- Regular idea generation–I am constantly brainstorming and writing down ideas. I don’t use 90 percent of what I write down, but I write it down to get it out of my head and to clear a pathway for the really great ideas to come through. A big problem a lot of writers have is they don’t generate enough ideas, so when they finally get an idea for something to write, they don’t even consider whether or not it’s worth writing. They just write it. And that’s how a lot of novelists end up with mediocre stories about everyday people and everyday places. A snooze-fest as far as a reader (and agent and publisher) is concerned. But by generating loads of ideas, you’ll ensure the really great ones actually come through clearly.
- Daily writing tasks–writing is one of my top 5 priorities every single day. Which means I always get my writing done in some way, shape or form. I may not always work on my books every day, but I’m always writing blog posts or creating new content for my community. I write something every day, even if it’s just a mini-blog post on my Facebook page.
- Create something new daily–creating is a top priority for me. As a creative, multi-passionate being, I can’t not create. Whether I’m writing, making art, recording a video or just cooking in my kitchen, I create something new (usually multiple things) daily.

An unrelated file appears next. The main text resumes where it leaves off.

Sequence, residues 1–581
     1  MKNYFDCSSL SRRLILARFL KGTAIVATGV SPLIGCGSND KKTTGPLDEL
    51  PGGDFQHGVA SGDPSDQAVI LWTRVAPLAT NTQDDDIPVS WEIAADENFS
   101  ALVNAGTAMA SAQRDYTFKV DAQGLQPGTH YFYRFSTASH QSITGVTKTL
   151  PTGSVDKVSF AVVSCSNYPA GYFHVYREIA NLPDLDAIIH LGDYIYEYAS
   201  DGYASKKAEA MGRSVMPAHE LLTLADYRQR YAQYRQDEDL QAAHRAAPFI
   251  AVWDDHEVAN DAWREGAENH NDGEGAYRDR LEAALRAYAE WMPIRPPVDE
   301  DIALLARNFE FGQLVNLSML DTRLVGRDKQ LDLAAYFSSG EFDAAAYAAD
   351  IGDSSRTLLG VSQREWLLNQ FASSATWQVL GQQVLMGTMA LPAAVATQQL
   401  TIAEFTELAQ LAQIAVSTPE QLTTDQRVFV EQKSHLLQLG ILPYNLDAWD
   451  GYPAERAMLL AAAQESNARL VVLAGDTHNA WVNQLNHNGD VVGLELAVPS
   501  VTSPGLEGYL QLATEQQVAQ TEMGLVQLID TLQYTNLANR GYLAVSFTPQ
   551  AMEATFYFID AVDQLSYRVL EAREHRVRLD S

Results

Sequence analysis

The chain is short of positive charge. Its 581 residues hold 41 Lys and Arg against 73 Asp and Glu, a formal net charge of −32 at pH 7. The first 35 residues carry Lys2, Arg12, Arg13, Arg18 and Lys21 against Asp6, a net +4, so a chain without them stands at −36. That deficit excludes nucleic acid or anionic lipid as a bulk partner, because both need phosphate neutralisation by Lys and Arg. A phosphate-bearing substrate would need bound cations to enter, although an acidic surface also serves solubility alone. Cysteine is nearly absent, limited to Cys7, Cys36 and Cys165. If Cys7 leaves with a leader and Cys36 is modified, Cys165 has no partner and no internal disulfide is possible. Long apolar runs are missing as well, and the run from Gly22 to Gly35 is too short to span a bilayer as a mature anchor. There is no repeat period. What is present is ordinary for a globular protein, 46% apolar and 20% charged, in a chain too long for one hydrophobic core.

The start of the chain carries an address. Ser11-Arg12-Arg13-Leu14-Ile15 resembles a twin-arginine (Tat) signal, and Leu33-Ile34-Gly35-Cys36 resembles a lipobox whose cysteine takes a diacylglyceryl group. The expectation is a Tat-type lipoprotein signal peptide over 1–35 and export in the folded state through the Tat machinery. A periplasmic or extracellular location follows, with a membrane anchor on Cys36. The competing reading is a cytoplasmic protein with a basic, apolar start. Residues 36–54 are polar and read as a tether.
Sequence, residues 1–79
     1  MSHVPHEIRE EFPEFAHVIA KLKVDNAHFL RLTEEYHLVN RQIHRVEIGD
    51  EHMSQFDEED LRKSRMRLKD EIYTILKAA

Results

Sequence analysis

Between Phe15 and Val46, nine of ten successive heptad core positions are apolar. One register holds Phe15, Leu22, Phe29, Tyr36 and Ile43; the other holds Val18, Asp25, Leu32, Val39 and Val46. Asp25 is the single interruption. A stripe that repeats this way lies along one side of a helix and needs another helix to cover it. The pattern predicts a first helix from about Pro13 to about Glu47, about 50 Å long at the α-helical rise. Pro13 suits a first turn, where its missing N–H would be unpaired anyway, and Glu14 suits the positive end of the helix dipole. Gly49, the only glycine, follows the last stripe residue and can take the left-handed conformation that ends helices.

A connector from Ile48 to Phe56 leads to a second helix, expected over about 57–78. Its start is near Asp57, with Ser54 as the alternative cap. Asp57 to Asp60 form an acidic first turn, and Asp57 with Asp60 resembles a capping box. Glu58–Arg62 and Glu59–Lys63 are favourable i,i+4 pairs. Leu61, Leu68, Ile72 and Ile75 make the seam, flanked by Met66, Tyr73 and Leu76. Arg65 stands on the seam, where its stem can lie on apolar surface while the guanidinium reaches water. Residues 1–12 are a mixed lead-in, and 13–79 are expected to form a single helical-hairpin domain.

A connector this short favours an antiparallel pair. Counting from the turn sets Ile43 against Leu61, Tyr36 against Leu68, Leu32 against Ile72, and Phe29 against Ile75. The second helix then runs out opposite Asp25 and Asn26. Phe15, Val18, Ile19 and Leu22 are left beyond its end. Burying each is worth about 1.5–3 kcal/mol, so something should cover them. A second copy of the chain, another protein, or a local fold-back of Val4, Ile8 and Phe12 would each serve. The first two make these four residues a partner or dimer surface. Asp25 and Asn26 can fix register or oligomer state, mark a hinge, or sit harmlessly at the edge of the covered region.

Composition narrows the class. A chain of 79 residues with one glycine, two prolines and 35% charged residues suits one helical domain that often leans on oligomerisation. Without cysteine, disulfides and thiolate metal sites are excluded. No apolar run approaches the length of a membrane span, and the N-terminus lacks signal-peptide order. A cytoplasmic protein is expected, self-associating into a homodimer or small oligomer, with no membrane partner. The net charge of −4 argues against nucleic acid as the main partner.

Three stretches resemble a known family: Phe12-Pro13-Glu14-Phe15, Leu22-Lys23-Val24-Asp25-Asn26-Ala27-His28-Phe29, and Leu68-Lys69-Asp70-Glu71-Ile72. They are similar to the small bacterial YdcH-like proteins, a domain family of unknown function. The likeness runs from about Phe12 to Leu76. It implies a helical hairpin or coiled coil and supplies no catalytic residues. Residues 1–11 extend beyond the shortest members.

- Act as if–this one is a biggie. Making the decision to show up every day and act AS IF I am already the writer and author I dream of being has made a huge difference in my success. When you act as if, you send a powerful message to the Universe that you believe what you’ve asked for–your dream writing life–is yours. But in order to receive it, you need to take consistent action on that dream. Receiving what you want is not a passive thing. You can’t ask for the dream writing life and then sit on your couch and watch Netflix. You’ve gotta ask for the dream writing life and then GO OUT THERE AND GET IT.
- Creative wellness–I believe in the connection between what you eat and how you feel. And I also believe in the connection between lifestyle and your creativity. So I make it a priority to eat right and get movement in (even if it’s just walking my dog and doing some stretches) every day. Food is fuel and movement is energy. You need both. And as a writer, you’ll benefit so much more from treating your body like the creative temple it is. Junky food and lifestyle habits equal junky creative juices.
These intentional ways of being have helped me to become the writer and author that I am today. And now that I’ve been at this for so long–and especially as I’ve cleaned my act up this year–these ways of being have become a habit. I no longer have to really think about them, it just happens naturally as an extension of showing up every day as the writer and author I want to be.
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What intentional ways of being have you created around your writing life?